The various Councils are an integral part of the Government itself and play a role in establishing consensus on major policies and strategies which influence power sector development. Policy advice arising from such Councils gets embodied in legislation. The Environment Protection Council and the Water Resources Development Council are new bodies. The Environment Protection Council is expected to provide authority for environment regulation, set standards and provide enforcement of measures to which project design and construction and operation activities will have to subscribe. Among the institutions that directly impact upon the power sector, the National Planning Commission plays a key role in public sector review (i.e., review of NEA) and the Water and Energy Commission plays a key role in policy and planning.

Nepal Electricity Authority

Nepal Electricity Authority (NEA) was created on August 16, 1985 under the Nepal Electricity Authority Act, 1984 through the merger of the Department of Electricity Development, Ministry of Water Resources, related Development Boards and Nepal Electricity Corporation.  Prime purpose of creation of NEA was to remedy the inherent weakness associated with incumbent fragmented electricity organisations with overlapping responsibilities and duplication of works. Merger of these individual organisations became necessary to achieve efficiency and reliable service.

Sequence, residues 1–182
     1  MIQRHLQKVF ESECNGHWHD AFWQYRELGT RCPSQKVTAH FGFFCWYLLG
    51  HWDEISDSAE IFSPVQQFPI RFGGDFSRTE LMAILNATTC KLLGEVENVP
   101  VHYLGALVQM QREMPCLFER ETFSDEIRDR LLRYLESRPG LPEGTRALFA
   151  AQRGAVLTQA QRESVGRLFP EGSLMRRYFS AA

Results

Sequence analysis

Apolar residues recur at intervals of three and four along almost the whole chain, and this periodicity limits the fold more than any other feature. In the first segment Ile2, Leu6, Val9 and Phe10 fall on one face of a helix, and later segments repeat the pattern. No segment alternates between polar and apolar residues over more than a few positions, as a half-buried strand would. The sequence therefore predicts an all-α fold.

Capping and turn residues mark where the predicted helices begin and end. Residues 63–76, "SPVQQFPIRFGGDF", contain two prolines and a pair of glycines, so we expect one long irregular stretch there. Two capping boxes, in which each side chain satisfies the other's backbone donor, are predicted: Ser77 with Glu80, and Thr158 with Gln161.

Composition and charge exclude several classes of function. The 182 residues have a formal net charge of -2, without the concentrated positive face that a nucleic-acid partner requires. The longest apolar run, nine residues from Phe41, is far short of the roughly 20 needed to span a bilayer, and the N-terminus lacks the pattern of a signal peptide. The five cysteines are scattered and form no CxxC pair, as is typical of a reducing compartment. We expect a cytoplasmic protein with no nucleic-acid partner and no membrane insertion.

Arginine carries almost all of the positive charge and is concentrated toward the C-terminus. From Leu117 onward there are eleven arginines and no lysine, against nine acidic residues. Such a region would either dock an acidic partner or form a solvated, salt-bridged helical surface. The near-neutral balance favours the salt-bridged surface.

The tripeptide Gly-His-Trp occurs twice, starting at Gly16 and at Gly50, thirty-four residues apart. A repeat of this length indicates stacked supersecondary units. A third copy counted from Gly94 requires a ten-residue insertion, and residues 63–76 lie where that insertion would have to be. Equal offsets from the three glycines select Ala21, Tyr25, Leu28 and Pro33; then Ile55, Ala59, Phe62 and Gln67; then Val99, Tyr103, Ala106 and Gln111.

NEA has been always languishing with the issues of high tariff, high system losses, high generation costs, high overheads, over staffing and lower domestic demand.  Its endeavours to maximize the utilization of available resources including import through trading of power from Indian short term market has not able to offset the unbalance, resulting in long hours of distasteful load shedding.

An 11.31% growth in peak power demand and 10.76% growth in energy demand in the FY 2007-08 have further aggravated the situation. In the dry months, shrinking of snow-fed rivers further worsen the situation and it were left with no option but  to impose 48 hours-a-week load curtailment for every consumers. The amount of shedded energy reached up to 2.2 million units per day. This situation could be attributed to combination of favours including its overdependence on run-of-river type of hydro projects.